The general lay opinion seems to be that a picture has no technical worth unless it is painted on canvas held by the proper stretcher bars. This is, of course, a fallacy, a survival of old fashioned techniques as outdated as painting with fatty oils of unknown constitution. The stretcher
is made of four pieces of wood fitted together with double mortices at the mitered corners. For a large stretcher, cross pieces are fitted to keep the frame rigid against the pull of the canvas. The wood is supplied ready-prepared to standard lengths graded to inches and is obtainable in any art shop.
To make the stretcher, the corners of the wood bars are joined as tightly as possible and adjusted with a set square. A piece of thin wood may be lightly nailed across the corner to keep the correct angle until the stretching is completed. The canvas should be at least an
inch and a half larger on all sides than the stretcher, and care must be taken to keep the lines of the canvas weave parallel to the sides of the stretcher, for a slanting weave upsets the painter's sense of the perpendicular when he is working.
The canvas is first fixed to the stretcher provisionally with large architects' drawing pins, and thus temporarily stretched, it is given its preliminary two coats: a glue size solution first, which is allowed to dry, and then the first coat of the primer, such as gesso. Once the latter has dried, the canvas can be restretched. The pins should be removed in the same order in which they were put in and replaced by special rust less pins.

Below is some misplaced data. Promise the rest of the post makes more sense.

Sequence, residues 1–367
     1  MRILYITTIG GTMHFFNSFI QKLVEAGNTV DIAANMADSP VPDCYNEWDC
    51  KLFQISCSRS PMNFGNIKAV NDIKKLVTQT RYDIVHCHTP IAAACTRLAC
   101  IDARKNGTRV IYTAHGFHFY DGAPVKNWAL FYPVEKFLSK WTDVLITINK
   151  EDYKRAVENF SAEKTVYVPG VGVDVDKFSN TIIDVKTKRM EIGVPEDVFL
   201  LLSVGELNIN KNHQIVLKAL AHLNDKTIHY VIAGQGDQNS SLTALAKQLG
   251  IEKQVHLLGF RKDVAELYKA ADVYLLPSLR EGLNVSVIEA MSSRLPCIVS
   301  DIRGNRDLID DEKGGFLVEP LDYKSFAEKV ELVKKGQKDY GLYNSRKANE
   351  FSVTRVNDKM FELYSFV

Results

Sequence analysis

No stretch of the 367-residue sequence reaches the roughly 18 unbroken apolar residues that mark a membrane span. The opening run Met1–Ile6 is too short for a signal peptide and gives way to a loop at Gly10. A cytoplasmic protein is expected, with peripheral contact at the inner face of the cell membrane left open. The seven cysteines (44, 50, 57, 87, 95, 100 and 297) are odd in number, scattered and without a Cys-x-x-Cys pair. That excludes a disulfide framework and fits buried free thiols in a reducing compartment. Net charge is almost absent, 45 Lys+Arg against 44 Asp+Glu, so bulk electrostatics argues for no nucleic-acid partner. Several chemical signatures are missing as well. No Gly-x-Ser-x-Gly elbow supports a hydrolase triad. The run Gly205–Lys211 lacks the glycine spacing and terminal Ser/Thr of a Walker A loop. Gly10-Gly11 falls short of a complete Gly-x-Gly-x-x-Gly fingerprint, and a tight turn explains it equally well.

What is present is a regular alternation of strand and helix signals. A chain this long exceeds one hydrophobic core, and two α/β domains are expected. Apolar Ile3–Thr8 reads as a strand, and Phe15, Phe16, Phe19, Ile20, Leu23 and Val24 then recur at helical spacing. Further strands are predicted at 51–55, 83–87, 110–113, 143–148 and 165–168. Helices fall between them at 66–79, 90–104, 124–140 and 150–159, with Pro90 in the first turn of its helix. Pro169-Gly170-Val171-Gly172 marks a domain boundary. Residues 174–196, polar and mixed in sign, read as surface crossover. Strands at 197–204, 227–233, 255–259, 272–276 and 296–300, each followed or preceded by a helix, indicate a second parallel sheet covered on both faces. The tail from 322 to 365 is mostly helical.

Stretching large canvases requires at least two helpers and is even easier with four. The work is always begun from the center of each side, pulling the cloth across from the middle of the opposite side. For heavy canvas and large pictures special canvas pliers are used.
Next, the priming of the canvas has to be completed. The first coats were given before the stretching because, unlike paper and wood, linen crumples and shrinks as soon as it is damp. The fibers swell when they are wet and shorten and stretch again when they are dry.
Thus, if the linen were placed untreated on the frame the excessive stretching of the fibers when it was wet would make it very slack after the first coat of priming had dried. But if the first coat of glue hardens in the fibers before the cloth is stretched, it prevents it from swelling and shrinking much afterwards; although in fact the canvas always gives a little when it is primed again and has to be given a final stretching before the actual painting begins.
The stretcher is so made that the edges can be forced apart by wedges. The wedges are placed in pairs into the corners; the laths holding the angles are removed, and the wedges carefully hammered in as far as necessary, while keeping the frame rectangular, to make the canvas taut.
A stretched canvas is always sensitive to knocks, and the priming makes it difficult to remove dents once they have been made; so it is much better not to stretch canvas but to stick' it down. This gives the most solid painting support while keeping the attractive woven texture and hiding the unnatural smooth surface of the board. Even a very thin canvas has a texture that looks like something that has grown naturally, and in this it is superior even to paper.